Left Brain vs. Right Brain: About the end-to-end supply chain

A picture depicting the left and right sides of the brain and the different characteristics of each. The picture compares the brain to an end-to-end supply chain

Left Brain vs. Right Brain: About the end-to-end supply chain

When it comes to creating an end-to-end supply chain, the structure of the human brain can reveal a lot. Specifically, the lateralisation of the brain into left and right sides. But what is lateralisation?

You may have heard the theory that if you are a left-brained person, you are predominantly highly analytical and methodical in your thinking. Whereas, if you are a right-brained person, you are predominantly creative and artistic.

We know that the two sections of the brain have distinct functions, and this was first noticed when patients with damage to specific parts of their heads would lose certain cognitive abilities yet remain effective at others. Doctors and scientists were able to identify the damaged parts of the brain and associate them with specific brain functions and so work out that the brain was divided into segments.

A picture depicting the left and right sides of the brain and the different characteristics of each. The picture compares the brain to an end-to-end supply chain

Although lateralisation has been proven to be true, the idea that some people are purely left-brained, and some are purely right-brained, has not.

Instead, people use both sides of their brain in largely equal measures and each hemisphere is connected by the corpus callosum: a wide nerve tract with connective fibres.

The corpus callosum, and the two hemispheres of the brain, are an extremely helpful framework for the design and implementation of an end-to-end supply chain. In this article, we are going to explore why.

Data Analysis

A supply chain is a lot like a human brain in terms of information dispersal and the segmented structure. Within an organisation, there are multiple departments with vastly different functions. Despite the differences, they are all working with the express aim of improving the performance of the organisation.

The process that connects each section of an end-to-end supply chain is the rapid and seamless spread of information.

Availability of timely data and actionable insights for effective decision making serves as the supply chain’s very own corpus callosum – a nerve tract that operates as a rapid information highway.

Every organisation has its own corpus callosum. The effectiveness of this connective function is usually what makes the difference between a dysfunctional supply chain and an effective supply chain.

For example, many organisations might opt for manual data analysis. In this process, data is collected manually by an individual or several individuals and collated into a CSV or Excel file. Then, to collate these separate files, which have probably been created with different formats, values must be removed, changed, or repurposed.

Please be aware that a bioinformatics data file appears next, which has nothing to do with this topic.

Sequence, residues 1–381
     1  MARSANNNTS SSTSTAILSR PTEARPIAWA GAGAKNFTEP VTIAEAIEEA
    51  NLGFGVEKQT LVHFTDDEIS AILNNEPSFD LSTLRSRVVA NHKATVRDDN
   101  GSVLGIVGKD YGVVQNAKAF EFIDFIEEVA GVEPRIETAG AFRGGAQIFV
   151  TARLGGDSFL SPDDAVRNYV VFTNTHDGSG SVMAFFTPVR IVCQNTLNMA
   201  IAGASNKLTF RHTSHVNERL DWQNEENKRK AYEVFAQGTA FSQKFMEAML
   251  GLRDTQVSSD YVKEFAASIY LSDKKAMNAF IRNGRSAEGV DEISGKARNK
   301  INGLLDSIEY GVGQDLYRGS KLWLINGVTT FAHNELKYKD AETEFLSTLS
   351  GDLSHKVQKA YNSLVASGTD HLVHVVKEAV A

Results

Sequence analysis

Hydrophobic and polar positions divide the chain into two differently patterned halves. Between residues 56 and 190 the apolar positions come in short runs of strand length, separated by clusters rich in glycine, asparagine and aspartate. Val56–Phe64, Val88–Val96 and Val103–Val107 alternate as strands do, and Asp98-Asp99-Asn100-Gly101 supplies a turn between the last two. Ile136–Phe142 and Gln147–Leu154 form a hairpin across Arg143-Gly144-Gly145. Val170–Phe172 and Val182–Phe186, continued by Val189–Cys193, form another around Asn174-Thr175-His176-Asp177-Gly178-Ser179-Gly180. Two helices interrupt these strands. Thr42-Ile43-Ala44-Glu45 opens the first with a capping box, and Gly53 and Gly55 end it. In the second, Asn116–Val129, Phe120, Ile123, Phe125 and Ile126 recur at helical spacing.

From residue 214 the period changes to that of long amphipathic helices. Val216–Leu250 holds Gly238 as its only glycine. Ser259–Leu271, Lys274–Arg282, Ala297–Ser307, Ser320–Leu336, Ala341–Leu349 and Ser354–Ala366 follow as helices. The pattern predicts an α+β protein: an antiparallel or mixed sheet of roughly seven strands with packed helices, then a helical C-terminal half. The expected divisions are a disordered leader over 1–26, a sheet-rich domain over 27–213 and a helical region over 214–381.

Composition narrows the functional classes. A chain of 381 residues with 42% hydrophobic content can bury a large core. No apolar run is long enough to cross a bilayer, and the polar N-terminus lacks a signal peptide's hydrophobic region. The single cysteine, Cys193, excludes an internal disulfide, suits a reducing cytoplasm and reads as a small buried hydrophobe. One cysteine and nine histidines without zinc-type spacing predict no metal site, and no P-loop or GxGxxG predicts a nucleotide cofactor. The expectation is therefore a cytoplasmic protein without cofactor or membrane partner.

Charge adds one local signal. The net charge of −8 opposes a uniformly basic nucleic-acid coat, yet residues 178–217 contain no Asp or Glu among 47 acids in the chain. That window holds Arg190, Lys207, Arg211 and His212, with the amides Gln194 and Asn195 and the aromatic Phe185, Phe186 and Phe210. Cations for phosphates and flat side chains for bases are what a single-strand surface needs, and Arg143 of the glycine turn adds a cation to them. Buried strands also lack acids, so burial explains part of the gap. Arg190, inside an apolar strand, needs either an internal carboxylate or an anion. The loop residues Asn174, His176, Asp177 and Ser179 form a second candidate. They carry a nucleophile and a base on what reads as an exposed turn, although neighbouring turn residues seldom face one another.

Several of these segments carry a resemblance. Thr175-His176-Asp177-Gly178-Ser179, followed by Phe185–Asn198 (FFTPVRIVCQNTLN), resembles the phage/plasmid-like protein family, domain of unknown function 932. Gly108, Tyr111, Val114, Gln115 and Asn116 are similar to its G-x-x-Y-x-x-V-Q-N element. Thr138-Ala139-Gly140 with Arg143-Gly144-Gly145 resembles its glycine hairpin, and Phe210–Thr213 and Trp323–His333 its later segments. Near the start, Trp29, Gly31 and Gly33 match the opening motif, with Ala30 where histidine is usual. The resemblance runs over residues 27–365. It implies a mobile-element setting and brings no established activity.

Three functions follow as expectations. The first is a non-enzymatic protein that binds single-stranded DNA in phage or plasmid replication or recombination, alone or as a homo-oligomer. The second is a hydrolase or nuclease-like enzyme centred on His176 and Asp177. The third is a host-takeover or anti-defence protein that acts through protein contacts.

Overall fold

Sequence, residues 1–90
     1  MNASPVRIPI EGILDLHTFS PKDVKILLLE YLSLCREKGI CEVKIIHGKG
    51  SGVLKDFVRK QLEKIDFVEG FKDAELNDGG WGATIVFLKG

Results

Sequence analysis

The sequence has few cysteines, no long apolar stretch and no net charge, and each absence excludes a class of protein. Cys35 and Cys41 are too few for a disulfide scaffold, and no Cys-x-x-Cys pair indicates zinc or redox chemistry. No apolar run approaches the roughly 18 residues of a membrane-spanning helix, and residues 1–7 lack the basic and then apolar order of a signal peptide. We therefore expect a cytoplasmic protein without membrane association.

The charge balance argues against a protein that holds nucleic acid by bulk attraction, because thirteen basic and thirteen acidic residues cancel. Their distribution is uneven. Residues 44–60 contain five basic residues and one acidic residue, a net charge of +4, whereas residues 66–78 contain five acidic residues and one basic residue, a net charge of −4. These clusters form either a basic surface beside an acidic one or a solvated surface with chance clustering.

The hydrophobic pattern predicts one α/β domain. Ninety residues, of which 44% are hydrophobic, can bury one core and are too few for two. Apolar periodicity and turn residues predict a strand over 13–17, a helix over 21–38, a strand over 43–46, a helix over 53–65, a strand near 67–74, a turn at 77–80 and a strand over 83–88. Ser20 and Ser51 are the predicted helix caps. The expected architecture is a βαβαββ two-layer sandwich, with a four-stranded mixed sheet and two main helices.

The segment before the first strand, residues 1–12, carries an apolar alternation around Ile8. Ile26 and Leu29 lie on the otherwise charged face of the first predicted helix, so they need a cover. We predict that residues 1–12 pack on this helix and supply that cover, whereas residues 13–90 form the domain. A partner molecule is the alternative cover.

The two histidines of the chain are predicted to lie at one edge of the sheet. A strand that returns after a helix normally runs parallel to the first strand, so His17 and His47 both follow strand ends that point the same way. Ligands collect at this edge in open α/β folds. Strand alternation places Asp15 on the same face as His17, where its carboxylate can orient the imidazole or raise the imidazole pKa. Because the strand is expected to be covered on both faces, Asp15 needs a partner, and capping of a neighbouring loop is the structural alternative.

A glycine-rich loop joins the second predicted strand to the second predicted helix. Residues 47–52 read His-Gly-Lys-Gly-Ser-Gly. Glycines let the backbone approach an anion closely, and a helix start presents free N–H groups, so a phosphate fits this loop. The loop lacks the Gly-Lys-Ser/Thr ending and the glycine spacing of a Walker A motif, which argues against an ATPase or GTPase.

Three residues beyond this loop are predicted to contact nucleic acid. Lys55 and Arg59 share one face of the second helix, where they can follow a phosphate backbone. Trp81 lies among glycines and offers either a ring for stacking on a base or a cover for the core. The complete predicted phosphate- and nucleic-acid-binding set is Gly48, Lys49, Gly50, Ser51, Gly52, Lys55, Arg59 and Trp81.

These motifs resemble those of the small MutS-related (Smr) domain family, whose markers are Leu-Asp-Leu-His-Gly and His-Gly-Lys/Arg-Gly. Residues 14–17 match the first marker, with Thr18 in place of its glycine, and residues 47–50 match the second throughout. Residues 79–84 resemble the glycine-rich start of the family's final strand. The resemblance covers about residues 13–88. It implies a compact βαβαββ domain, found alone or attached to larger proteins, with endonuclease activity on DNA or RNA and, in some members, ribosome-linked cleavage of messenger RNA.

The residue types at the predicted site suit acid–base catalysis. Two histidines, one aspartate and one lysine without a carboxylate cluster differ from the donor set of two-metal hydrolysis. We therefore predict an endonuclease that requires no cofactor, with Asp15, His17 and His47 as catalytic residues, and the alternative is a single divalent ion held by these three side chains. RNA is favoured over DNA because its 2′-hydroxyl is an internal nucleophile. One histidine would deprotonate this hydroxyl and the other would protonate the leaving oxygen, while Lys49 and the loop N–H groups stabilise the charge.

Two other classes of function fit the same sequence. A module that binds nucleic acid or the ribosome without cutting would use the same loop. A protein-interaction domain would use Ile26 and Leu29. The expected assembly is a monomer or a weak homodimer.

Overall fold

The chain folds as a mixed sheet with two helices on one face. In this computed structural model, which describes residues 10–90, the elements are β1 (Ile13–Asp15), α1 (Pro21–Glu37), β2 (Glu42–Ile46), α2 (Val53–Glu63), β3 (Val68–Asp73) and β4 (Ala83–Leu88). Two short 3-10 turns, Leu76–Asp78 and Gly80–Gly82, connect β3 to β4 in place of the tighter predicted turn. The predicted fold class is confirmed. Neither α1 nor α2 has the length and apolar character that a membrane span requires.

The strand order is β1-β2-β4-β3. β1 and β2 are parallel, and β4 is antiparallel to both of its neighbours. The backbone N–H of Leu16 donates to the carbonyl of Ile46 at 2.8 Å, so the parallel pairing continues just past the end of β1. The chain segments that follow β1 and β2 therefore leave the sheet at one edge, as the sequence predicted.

Data analysis of an end-to-end supply chain network.

This is a long and tiresome process and generally by the time the data is collated and any insights become available, things have moved on in the real world and hence its ‘actionability’ index is low.

Other organisations may opt for a data analysis solution that provides self-service data preparation in a largely automated process. Insights appear on intuitive dashboards and reports can be customised endlessly to analyse various business functions.

This requires technology and software coupled with a holistic design of the end-to-end supply chain that delivers to the organisation’s strategy and customer proposition.

The importance of creative, right-brain thinking, is vital to supply chain management

We know that end-to-end supply chains act as functioning brains operating seamlessly and, in a manner conducive to integration and cooperation.


The brain requires the analytical left side, the creative right side, and the analysis and spread of information conducted by the corpus callosum. The end-to-end supply chain is no different.

The left-side of the supply chain are the methodical processes and strategies that are analysed and perfected between departments. The right-side of the supply chain are the ideas and models created by experts to improve on the processes and strategies already in place. We would call this right side as the ‘art of supply chain’ as compared to the left side which is the ‘science of supply chain’.

Frequently, organisations and supply chains need to react to unplanned or unforeseen events and must function analogous to the right side to find creative solutions – as opposed to the steady state left side. We are not suggesting that this is a free for all and undisciplined venture in the name of being creative. For the successful organisation, it will be grounded in facts and actionable insights from data across the end to end supply chain, coupled with the ability to join the dots in an intuitive manner.

No Comments

Post A Comment